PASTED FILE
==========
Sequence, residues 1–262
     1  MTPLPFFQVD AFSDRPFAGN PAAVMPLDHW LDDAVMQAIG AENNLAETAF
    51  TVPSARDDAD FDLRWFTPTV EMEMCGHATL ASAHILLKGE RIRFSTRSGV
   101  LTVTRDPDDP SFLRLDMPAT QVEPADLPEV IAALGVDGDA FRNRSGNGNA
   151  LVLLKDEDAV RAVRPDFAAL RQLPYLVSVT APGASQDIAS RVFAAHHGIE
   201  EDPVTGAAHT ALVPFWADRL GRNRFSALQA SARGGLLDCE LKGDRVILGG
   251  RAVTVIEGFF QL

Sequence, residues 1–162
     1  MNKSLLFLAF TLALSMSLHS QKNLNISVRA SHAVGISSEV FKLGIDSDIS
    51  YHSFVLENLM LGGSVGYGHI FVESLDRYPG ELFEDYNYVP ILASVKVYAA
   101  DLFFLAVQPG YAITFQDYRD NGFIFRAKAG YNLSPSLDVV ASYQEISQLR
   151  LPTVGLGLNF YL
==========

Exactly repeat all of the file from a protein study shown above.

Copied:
Sequence, residues 1–262
     1  MTPLPFFQVD AFSDRPFAGN PAAVMPLDHW LDDAVMQAIG AENNLAETAF
    51  TVPSARDDAD FDLRWFTPTV EMEMCGHATL ASAHILLKGE RIRFSTRSGV
   101  LTVTRDPDDP SFLRLDMPAT QVEPADLPEV IAALGVDGDA FRNRSGNGNA
   151  LVLLKDEDAV RAVRPDFAAL RQLPYLVSVT APGASQDIAS RVFAAHHGIE
   201  EDPVTGAAHT ALVPFWADRL GRNRFSALQA SARGGLLDCE LKGDRVILGG
   251  RAVTVIEGFF QL

Sequence, residues 1–162
     1  MNKSLLFLAF TLALSMSLHS QKNLNISVRA SHAVGISSEV FKLGIDSDIS
    51  YHSFVLENLM LGGSVGYGHI FVESLDRYPG ELFEDYNYVP ILASVKVYAA
   101  DLFFLAVQPG YAITFQDYRD NGFIFRAKAG YNLSPSLDVV ASYQEISQLR
   151  LPTVGLGLNF YL